You know how every single week I have a new favorite wedding? Riiiggghhhtttt. Well, welcome to my new favorite. Bernie wrote me a sweet email about how my blog and her wedding style totally mesh, and heck yes they do! This wedding isn’t about the detail shots, or the favors, or the monogrammed aisle runner. This wedding is about wanting to leap through the screen of your computer so you can BE THERE, celebrating with them, right now.
And for all you planning couples out there, Bernie wrote that it was a long hard slog to figure out how to do a wedding that was totally “them,” but, boy did they ever. Which is to say, we all can do this thing! They did this whole fabulous wedding for $6,000, including renting a summer camp in Vermont for a whole weekend, so their friends and family could stay and hang out for FREE! What was the magic cost saving secret? Lots of hard work and research, of course, but also having family and friends pitch in and help with everything.
Their friends made the wedding cake, took the photos, and helped them decorate with farmers market flowers and fairy lights.
Bernie and Adam met as rock climbing instructors, and they wanted to have a wedding that really reflected who they were, their personalities, priorities, and values, which clearly included having a bunch of fun. The morning of their wedding everyone gathered to play croquet and bocce, and the couple encouraged people to wear old bridesmaid dresses, old prom dresses, or generally ridiculous outfits. That’s the bride in pink!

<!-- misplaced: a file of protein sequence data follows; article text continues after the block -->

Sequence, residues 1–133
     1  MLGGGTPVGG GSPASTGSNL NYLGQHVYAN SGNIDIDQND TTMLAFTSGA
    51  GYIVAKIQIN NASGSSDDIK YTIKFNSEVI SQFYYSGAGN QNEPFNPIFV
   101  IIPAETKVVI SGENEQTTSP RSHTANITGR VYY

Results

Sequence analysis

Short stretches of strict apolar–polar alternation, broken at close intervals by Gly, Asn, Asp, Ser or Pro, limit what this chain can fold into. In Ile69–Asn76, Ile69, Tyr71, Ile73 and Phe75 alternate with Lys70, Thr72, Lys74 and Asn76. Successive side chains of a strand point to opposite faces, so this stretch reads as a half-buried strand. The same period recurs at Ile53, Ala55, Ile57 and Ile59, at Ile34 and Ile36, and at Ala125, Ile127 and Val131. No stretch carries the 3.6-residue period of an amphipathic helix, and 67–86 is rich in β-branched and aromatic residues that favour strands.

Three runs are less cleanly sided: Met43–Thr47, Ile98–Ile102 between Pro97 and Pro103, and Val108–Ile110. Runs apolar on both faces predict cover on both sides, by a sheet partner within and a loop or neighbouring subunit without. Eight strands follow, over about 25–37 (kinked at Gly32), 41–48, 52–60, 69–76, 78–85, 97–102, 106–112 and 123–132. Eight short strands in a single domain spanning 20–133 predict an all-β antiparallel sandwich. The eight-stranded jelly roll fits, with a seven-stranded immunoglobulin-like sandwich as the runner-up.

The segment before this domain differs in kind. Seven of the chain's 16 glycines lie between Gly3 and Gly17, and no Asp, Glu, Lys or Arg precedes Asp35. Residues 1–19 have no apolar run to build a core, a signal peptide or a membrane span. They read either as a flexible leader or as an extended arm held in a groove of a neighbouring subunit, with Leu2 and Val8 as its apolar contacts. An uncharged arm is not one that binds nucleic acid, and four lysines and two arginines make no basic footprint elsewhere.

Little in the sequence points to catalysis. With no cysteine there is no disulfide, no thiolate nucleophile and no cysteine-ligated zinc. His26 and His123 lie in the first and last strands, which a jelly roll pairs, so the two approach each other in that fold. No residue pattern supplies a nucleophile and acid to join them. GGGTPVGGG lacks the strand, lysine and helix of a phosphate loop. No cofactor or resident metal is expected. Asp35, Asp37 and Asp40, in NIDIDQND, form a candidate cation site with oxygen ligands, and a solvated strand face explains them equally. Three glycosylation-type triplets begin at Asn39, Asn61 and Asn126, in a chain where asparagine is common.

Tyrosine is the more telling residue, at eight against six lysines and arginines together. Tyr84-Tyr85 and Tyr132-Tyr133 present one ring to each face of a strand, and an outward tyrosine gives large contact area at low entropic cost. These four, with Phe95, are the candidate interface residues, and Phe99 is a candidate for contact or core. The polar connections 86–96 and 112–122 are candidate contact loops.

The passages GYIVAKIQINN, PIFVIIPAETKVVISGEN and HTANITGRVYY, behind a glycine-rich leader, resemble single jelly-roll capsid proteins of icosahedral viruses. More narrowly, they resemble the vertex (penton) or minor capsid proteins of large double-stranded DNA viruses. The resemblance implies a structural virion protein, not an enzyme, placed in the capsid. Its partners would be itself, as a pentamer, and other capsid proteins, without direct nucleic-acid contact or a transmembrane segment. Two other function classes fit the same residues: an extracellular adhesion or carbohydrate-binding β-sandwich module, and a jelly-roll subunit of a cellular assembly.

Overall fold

And here are the bride and the groom dancing.
Then the bride and the groom changed into wedding attire and headed down to the waterfront for the wedding.
You know how you’re suppose to give your photographer a shot list? Now I’m considering adding “David eating Meg’s nose” to ours.
Their rings were made by a friend of the family, Fire & Metal Jewelers, and I’m in love with them. The line on the rings is the outline of a mountain range that they hiked together.
Bernie and Adam were married in a Quaker ceremony. Afterwards, in keeping with the Quaker tradition, everyone present signed the marriage certificate, signifying their support for the marriage.
And then they partied long into the night. Which is my idea of happily ever after.